A former North Island mayor and lawyer who did work for Belgrave Finance could now be jailed after intentionally facilitating crime by providing legal assistance.
Hugh Edward Staples Hamilton was accused of 17 charges of theft by a person in a special relationship as well as 11 charges of false statement by a promoter, and 11 Companies Act charges of making a false statement to a trustee.
Releasing his verdicts this morning, Justice John Faire found Hamilton guilty on 14 charges of theft by a person in a special relationship. He was found not guilty on the other charges and granted bail until sentencing on Friday July 4.
The judge ordered a home detention appendix be prepared with a probation report but made it plain he was not making a commitment today to the sentence that is to be imposed.
The theft charges Hamilton was found guilty of come with a maximum prison sentence of 7 years' in prison.
Hamilton, 62, is a former partner of DAC Legal and advised Belgrave Finance until its 2008 receivership.
The trial, which began in March, was jointly prosecuted by the Serious Fraud Office and Financial Markets Authority.
According to a SFO forensic accountant, Belgrave made around $12 million of loans to entities effectively controlled by property developer Raymond Schofield.
These loans breached Belgrave's debenture trust deed, which are the rules dictating the terms and conditions between investors and the company accepting the funds.
For the theft charges which Hamilton was found guilty of, he was accused of helping Schofield and Belgrave directors Stephen Smith and Shane Buckley with these loans and was therefore a party to their offending of theft by a person in a special relationship.
For these charges to stack up, the Crown had to prove that Hamilton helped with the breaches, was aware of the offending and intended to assist with it.
The Crown's main allegation for these charges was that Hamilton assisted by receiving a portion of the loans in question into DAC Legal's Trust account.
In his reasons for verdict, issued this morning, Justice Faire said Buckley and Smith were accustomed to act according to Schofield's wishes, which made the property developer a related-party to Belgrave and means the loans breached the company's trust deed.
Justice Faire said Hamilton assisted with the offending by carrying out instructions to execute the related-party loans.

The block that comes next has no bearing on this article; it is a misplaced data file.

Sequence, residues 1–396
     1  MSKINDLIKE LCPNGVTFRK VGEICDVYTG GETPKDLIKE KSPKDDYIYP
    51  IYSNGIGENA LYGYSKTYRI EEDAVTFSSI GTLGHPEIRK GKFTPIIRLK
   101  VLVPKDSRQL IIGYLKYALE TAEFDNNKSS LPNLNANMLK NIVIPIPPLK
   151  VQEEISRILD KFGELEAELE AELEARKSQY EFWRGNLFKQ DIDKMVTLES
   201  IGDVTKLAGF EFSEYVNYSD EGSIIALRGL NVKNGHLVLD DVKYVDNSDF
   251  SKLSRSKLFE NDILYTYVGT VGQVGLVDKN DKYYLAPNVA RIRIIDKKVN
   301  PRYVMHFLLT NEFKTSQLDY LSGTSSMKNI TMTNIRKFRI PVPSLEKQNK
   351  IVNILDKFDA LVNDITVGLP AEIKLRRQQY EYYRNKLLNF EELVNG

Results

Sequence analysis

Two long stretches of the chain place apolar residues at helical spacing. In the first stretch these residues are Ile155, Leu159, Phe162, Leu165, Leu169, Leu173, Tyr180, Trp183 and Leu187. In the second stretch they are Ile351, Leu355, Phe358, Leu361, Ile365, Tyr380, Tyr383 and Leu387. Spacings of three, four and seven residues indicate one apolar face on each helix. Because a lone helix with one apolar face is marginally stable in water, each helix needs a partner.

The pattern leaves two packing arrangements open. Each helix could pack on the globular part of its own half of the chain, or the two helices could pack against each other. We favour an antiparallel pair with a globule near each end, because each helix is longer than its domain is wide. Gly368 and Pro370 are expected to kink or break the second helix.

The judge also said Hamilton had knowledge of the offending:
"I am satisfied that Mr Hamilton had knowledge that Mr Schofield, Mr Smith or Mr Buckley, through the borrowing, were causing Belgrave to be in breach of the Debenture Trust Deed. The surrounding circumstances make it entirely implausible that Mr Hamilton was not aware of the offending. On the evidence there is no doubt that at the very least, Mr Hamilton was wilfully blind to the relevant elements of the offending," he said.
"Having found that Mr Hamilton had the relevant knowledge of the offending, I am satisfied beyond reasonable doubt that he intended to assist in the offending...in light of his knowledge Mr Hamilton knew that his legal assistance was resulting in related party lending," the judge said.
"Whatever his motive, Mr Hamilton was aware of what the legal documents and trust account were being used for, and intentionally facilitated the crime by providing such legal existence".
Hamilton was also alleged to have formed a common intention with either Schofield, Smith or Buckley to prosecute a plan whereby funds would be sought from public investors to make loans to the property developer and entities associated with him.
The Crown alleged Hamilton's role was to prepare a plan and complete documents which disguised Schofield's involvement.
However, Justice Faire said he was not satisfied beyond reasonable doubt that Hamilton was involved in this manner.
Schofield was charged alongside Belgrave directors Shane Buckley and Stephen Smith in September 2011, with the SFO alleging the defendants misrepresented how investors' money would be used. The trio were also charged by the FMA for allegedly making untrue statements in offer documents.
It was alleged that, in substance, Schofield acted as a Belgrave director.
Buckley and Smith have pleaded guilty to charges they faced and been jailed, while Schofield was granted a stay on the proceedings he faced because he was suffering from terminal cancer.
Hamilton served as mayor of Central Hawke's Bay for six years.
He was Waipukurau Rotary Club president, Central Rugby and Sports Club chairman and was made a Member of the New Zealand Order of Merit in the 1997 Queen's Birthday Honours.
In May last year the New Zealand Lawyers and Conveyancers Disciplinary Tribunal ordered the former lawyer be struck off the roll of barristers and solicitors.
It followed the New Zealand Law Society bringing charges of misconduct against Hamilton.
Hamilton has not held a legal practising certificate since 2011, the same year in which he was facing bankruptcy proceedings due to an unpaid debt for the purchase of a Wellington brothel.